Fundamental rights do not themselves provide the procedure for their enforcement. Therefore, it is up to the legislator to implement Article 4 in concrete terms. This could mean, for example, that not every untruth can be brought before the courts, but only its repeated utterance despite a warning.
At the moment, the Act on Corporate Due Diligence Obligationsin Supply Chains is being negotiated at the EU level. But even if it comes into force, it will not change the fact that people in the Global South who are directly affected by human rights violations have hardly any access to legal proceedings in Europe. Therefore, it is necessary to give the right to those who no longer want to be made, mostly ignorantly, the unwilling profiteer of conditions that violate human rights, the consumers in Europe. Only in this way is it realistic that even if a supply chain law is passed, there will be legal possibilities to enforce universal human rights.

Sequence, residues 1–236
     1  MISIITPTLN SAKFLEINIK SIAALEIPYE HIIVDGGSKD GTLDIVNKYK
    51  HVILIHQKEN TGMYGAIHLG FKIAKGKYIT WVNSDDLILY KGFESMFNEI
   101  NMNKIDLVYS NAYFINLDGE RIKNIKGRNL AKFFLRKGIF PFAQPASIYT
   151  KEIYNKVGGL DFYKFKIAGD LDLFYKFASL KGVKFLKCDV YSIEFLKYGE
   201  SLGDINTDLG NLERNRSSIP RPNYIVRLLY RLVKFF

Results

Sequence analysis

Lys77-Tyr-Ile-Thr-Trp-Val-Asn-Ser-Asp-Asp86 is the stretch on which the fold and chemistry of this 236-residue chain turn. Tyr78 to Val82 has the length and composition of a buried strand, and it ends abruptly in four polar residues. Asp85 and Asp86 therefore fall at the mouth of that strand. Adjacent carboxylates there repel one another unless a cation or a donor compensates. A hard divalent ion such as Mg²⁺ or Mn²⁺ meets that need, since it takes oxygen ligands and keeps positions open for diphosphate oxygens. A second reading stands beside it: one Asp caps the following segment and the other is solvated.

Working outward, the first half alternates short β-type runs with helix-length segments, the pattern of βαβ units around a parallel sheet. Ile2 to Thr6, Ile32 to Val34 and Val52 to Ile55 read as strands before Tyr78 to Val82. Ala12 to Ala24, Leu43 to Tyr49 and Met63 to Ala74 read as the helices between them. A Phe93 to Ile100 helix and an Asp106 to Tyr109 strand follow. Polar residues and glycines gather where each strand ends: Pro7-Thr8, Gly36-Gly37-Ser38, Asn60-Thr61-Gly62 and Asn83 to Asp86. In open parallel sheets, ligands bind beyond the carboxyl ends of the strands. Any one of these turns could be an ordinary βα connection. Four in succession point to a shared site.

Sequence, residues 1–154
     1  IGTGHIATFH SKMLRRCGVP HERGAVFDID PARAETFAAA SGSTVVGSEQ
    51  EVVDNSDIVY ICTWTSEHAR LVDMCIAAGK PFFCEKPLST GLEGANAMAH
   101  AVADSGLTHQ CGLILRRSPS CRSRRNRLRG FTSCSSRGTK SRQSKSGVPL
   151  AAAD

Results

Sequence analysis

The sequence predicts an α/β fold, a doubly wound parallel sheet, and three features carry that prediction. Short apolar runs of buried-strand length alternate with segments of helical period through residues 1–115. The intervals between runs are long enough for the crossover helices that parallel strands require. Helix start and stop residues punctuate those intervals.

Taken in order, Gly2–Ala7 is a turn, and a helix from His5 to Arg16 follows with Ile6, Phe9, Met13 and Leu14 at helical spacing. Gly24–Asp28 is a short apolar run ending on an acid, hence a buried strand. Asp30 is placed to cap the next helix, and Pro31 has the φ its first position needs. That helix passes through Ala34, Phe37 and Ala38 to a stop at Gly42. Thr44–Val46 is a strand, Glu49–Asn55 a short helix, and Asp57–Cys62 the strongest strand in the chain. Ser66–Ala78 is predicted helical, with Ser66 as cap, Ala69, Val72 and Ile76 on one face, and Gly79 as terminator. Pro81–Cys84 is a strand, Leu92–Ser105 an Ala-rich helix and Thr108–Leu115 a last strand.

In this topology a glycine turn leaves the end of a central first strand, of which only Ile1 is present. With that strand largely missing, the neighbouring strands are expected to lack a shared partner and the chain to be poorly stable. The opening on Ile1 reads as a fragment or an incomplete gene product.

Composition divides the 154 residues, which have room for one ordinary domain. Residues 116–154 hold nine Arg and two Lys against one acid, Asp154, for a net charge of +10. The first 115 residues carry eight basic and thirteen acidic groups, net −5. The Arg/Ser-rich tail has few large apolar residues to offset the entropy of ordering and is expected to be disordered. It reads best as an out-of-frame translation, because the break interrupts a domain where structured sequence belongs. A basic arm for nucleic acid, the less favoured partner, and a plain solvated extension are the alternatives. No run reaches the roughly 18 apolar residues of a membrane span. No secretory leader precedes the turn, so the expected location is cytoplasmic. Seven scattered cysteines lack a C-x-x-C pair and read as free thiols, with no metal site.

Up to now, no one can appeal to the European Court on their own. Anyone who claims that European law has been violated by national bodies must hope that a national court will refer the question to the European Court as to whether this is indeed the case. Article 6 would create a possibility that every person can also take himself to the European Court.
The European Court would certainly have more work to do, but it would not be overburdened: Only "systematic" violations of fundamental rights could be brought directly before the ECJ, for example, a law that violates fundamental rights or a government practice that hurts many people. Even if this would lead to many lawsuits, the ECJ could simply be better equipped: The Court's expenses account for only 0.3 percent of the EU's 2021 budget.